Monday, March 12, 2007

Personal Record and Great Vacation

The 2007 EC saw my fastest time to date, 6 days 10 hours 30 minutes, completed with a three day cruise through the Everglades National Park Wilderness Waterway (two days of which were spent searching for an errant team mate :). All my goals were met. Once I'm a bit rested, I'll post the details of my adventure.

This years EC, complete with the usual expected weather and sea condition challenges, was my favorite, and the easiest I'd experienced among the 4 I've done. But as happens every year, conditions favor some classes more than others, some boats within the various classes more than others, and certainly the skills and abilities of each boats captain. Everyone experiences the EC differently, and mine has the the added benefit of previous Challenge experience.

There seemed to be a lot of carnage this year, with rescues (including a Coast Guard helicopter rescue), lots of equipment failures among the class 3 and 4 boats (resulting from high winds and waves), and there were quite a few early DNF's. I believe some found crossing Tampa Bay a bit more than they were ready for. I recall after about 1/2 mile across Tampa Bay, turning around to see if Team RAF had made it off the beach yet, and being amazed to see as many as 4-5 paddlers swimming in the water holding onto their kayaks being rescued by fellow competitors. Not a good start for 300 miles.

This years was certainly the most challenging crossing of the Bay I'd seen in the past 4 years. The data in my GPS will verify it, but I recall more than a few seconds of 11 and 12 mph speeds surfing down the swells and waves across the Bay. This was again repeated outside in the Gulf off Naples Sunday afternoon and Monday morning with 15 mph winds and large ocean swells.

This year I participated in Class 3, using my Kruger Dreamcatcher with the Balogh Sail Rig (thanks Stan for the lend). I primarily sailed with some paddle sailing the first 3 days, then packed it all away for the remainder of the trip. The tail winds we experienced this year, allowed for some very fast sailing and helped all competitors times. The big following seas on day 1, and quartering seas on day 2 and 3 made for some very fun and interesting rides. The hardest paddling day I had was crossing Florida Bay on Friday with NE headwinds, a 15 hr, 38 mile crossing. Though looking over other's times for this crossing, I didn't do too badly (all experienced head winds during this section of the race).

As I had originally planned, the sail rig bought me some time to allow a slow cruise thought the wilderness waterway. A route I had not been able to attempt before given the time constraints of my previous challenges. This year I was the ultimate cruiser. My latest night on the water was 10pm (one night I stopped at 5pm). I was never back on the water before 4:30 am, and had full nights sleep every night. This compared to previous years that forced all night paddles, and sleep deprived conditions throughout. For me personally, this challenge was the easiest yet, and a real vacation. I almost hesitate to admit it, as I know not everyone experienced it this way, and certainly the racers in the group were working hard and hurting the whole way.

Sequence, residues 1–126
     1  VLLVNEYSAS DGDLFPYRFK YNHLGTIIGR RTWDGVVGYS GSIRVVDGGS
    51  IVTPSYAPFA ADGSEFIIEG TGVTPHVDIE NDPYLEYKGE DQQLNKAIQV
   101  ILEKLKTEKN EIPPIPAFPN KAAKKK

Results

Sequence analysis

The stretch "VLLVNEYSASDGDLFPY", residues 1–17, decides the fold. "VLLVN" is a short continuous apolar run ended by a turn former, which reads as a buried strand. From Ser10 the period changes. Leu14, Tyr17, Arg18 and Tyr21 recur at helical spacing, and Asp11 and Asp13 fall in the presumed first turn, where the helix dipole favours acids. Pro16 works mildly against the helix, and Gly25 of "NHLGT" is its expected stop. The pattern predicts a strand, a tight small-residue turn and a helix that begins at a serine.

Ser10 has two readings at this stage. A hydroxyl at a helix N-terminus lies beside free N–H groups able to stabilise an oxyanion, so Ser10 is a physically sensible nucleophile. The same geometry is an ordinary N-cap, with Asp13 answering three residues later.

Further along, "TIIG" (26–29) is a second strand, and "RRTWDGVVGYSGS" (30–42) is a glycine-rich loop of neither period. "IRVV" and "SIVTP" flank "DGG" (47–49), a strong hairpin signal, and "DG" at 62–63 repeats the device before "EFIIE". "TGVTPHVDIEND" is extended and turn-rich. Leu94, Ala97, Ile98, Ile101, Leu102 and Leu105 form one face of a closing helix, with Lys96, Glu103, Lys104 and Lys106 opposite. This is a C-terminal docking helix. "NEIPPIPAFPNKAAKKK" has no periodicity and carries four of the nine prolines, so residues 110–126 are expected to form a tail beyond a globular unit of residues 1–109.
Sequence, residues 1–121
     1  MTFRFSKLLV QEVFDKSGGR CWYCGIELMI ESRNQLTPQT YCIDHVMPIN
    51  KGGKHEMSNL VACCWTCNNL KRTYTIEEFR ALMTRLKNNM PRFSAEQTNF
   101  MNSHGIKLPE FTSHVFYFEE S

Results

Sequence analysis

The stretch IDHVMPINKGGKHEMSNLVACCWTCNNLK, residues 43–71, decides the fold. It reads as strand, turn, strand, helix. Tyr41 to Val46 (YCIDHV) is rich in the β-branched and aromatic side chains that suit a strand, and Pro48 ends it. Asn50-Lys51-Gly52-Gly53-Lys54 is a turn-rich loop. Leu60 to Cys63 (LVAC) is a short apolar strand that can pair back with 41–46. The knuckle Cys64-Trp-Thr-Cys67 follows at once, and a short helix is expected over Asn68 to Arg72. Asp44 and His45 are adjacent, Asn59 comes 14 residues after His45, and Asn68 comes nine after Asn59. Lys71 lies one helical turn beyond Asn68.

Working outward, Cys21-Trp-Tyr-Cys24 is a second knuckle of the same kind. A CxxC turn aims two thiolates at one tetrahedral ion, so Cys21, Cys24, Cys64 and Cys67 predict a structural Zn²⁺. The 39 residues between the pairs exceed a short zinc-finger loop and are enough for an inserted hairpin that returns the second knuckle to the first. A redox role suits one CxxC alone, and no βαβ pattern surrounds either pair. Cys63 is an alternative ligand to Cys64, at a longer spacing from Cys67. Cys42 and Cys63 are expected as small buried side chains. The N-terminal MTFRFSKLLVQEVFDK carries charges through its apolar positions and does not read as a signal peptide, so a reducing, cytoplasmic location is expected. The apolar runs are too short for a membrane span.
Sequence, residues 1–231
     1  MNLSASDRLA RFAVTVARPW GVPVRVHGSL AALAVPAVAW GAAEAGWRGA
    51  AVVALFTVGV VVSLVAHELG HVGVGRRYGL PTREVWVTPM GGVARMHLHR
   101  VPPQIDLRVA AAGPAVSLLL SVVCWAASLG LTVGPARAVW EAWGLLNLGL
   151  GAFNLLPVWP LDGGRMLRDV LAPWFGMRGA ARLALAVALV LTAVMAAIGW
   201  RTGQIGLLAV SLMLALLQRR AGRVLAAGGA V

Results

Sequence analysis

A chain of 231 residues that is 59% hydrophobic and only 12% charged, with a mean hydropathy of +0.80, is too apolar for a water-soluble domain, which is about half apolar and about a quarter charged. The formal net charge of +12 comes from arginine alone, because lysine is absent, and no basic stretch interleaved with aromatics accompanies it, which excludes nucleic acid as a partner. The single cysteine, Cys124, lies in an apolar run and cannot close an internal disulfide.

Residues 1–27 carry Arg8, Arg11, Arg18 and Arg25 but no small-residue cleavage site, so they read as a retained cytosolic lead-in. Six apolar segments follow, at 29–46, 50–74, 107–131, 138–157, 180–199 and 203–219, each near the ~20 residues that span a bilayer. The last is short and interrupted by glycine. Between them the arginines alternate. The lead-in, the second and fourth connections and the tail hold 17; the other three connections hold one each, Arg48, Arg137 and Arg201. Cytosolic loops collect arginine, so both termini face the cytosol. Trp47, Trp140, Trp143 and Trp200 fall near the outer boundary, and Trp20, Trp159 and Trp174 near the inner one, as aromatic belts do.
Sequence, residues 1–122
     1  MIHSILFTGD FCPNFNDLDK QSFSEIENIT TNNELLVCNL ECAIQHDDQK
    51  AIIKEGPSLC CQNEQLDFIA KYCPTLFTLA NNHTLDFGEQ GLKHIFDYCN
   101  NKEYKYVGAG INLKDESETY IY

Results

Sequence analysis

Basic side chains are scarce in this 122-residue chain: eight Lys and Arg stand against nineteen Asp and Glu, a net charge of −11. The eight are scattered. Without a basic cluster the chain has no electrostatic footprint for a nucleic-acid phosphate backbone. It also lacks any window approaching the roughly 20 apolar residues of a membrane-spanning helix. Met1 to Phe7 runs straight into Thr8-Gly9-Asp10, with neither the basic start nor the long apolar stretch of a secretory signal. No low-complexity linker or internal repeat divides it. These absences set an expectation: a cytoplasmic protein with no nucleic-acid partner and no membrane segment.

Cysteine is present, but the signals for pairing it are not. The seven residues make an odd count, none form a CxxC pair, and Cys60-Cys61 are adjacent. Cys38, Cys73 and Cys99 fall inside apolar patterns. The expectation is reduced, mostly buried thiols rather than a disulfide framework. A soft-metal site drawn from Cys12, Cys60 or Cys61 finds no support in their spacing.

The Wilderness Waterway (WW) has to be experienced to believe. Mostly bays, but when your in the creeks and narrow connectors, it's a very spooky place. Paddling up Broad Creek to avoid the 'Nightmare' was it's own nightmare, especially in the dark. Very narrow, tunnel-like, full of downed trees and logs, and a very scary place. I was so glad I was with KiwiBird during that section, and when we were not worrying about KneadingWater's whereabouts, we were thinking he deserved this solo section. Our WW adhoc team (KiwiBird, KneadingWater, and myself) split is another story, a comedy of errors actually, but no hard feelings, as KneadingWater met us on the beach in Key Largo apologetically on bended knee with flowers in one hand and a cold Corona in the other).

This years EC had another emotional challenge for me, my son a member of Team RAF was also participating. Though that challenge was really my husband Paul's (DancesWithSandyBottom), as our land contact, posting our progress on both blogs and the WaterTribe forum, I'm sure there was a lot of worrying as he followed the event, knew the weather, and heard of many of the other challengers problems as they were posted.

For me, the WaterTribe Challenges offer a unique opportunity to test myself, allow incredible personal challenge and adventure, and all in a sport that has fulfilled me from the start. WaterTribe Challengers are a varied, unique, eccentric, and the most incredibly interesting group of men and women that I could have ever hoped to meet during my life. A group I couldn't be more proud to be a member of.

There are many photos, and many stories to tell, mine and others, hopefully these will all be told soon.

1 comment:

Michael said...

This doesn't mean you're through does it? I've enjoyed your company in the past and would like to do so in future challenges!